They got married back in Denver in 1996 before Joan joined him in Texas. Three years later, with Joan 8 months pregnant, Bob took a job at Harvard coaching the offense. The hours were long, the stress was immense and their relationship started to strain.

    It’s something Bob has not forgotten. He missed much of his oldest son’s first year.

    Joe Stitt, named for Glenn of course, is 16 now and younger brother, Sam, is 11. Time with them is Bob’s favorite part of the day, whether it comes in walks with Joe to talk about girls or debates with Sam on the merits of Superman over Batman.

    The Stitt family home in Missoula, a lovely pale yellow two-story with decorative white columns on the outside, is a work in progress inside, Joan says as painters brighten up the basement walls. A half-court basketball top, the hoop’s rim sun-bleached a faded orange, takes up a small portion of the expansive backyard while a wooden play fort, complete with swing, mini climbing wall and rope ladder, hugs the back fence. The play space, decked out with a colorful welcome banner reminiscent of a child’s birthday party, is perfect for when the coaches come by for meetings over barbecue.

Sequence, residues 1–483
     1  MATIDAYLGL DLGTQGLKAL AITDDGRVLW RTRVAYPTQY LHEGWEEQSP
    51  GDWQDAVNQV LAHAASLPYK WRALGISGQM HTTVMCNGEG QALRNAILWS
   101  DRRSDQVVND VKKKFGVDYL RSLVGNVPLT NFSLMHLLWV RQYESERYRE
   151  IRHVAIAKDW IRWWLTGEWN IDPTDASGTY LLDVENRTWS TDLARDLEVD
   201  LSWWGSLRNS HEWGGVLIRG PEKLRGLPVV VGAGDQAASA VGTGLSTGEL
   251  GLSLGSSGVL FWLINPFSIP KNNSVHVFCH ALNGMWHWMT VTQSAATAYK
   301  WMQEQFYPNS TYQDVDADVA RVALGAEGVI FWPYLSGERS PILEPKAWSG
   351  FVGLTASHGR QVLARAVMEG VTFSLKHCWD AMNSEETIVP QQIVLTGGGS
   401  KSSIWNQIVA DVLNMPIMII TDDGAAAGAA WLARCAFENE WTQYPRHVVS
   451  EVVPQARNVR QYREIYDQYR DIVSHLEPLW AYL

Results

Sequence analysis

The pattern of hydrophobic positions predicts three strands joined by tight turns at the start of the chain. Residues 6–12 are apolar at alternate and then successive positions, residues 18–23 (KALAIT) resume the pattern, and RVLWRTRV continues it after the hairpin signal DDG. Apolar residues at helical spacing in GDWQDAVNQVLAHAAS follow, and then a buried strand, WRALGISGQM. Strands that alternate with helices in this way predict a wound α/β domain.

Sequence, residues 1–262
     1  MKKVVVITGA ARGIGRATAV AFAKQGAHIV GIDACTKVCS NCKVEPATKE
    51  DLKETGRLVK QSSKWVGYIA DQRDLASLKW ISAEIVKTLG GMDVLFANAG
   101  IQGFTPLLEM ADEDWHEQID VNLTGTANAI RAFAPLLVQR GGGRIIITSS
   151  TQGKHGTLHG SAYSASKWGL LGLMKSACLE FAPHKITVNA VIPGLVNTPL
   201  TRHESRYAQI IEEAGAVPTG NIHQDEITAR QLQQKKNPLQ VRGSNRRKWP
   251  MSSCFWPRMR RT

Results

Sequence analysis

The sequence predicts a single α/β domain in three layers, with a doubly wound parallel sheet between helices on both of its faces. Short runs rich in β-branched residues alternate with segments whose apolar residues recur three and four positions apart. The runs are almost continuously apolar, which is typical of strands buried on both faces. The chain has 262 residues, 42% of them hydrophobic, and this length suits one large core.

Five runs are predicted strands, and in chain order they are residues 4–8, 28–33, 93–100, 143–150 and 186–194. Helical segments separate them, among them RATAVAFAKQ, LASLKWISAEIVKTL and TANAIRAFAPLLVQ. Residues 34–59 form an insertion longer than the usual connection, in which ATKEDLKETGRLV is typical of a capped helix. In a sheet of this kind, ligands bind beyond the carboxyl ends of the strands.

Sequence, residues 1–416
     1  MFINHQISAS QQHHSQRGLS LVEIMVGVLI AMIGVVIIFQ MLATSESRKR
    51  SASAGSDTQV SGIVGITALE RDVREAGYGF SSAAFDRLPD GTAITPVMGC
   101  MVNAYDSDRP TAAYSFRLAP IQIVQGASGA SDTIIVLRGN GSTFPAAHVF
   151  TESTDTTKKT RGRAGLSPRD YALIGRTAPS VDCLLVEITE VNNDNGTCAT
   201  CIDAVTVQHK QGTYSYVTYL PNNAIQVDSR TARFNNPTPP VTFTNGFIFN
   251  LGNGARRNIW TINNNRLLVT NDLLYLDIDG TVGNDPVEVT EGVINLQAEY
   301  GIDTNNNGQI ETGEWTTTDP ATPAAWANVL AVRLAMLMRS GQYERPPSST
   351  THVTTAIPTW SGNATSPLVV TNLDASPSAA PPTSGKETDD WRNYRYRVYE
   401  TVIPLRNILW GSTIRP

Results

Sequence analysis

Most of them have little kids, Bob explains.

    “Guys have to be able to get out to their kids,” he adds.


    Luckily for the Stitts, their time in Massachusetts was short. Bob earned his first head coaching position after just 1 year at Harvard, heading west to Colorado School of Mines in suburban Denver. There he’d spend 15 years turning an afterthought into one of the most exciting programs in Division-II football.

    The Orediggers went 2-8 his first year but only once finished below .500 again. They scored points upon points upon points and claimed three RMAC league titles, the school’s firsts since 1958. The success translated into a $21 million football facility upgrade that was to be completed by the 2015 season.

    But in a market dominated by the professional sports of metropolitan Denver and the big-time colleges up the road in Boulder and Fort Collins, Bob and his Diggers continued to toil in relative obscurity.

    “Everybody is interested in what we’re doing; that’s what I wanted,” he says of his impressions at Montana. “There were times, sitting around Mines, we’d be wishing anybody was interested.

    “I could run across downtown Golden naked and no one would know who I was.”

    But West Virginia head coach Dana Holgorsen put Bob’s name on the map in the 2012 Orange Bowl when the coach’s innovative fly sweep play showed up on national television. Suddenly interest in Bob Stitt perked up.

    “I watched him year after year never even get a phone call,” Joan said. “Then this whole fly sweep thing happened. He’s waited so long.”

    For a team like Montana to come calling.

    A.J. Mazzolini covers Grizzly football for the Missoulian. He writes from Missoula.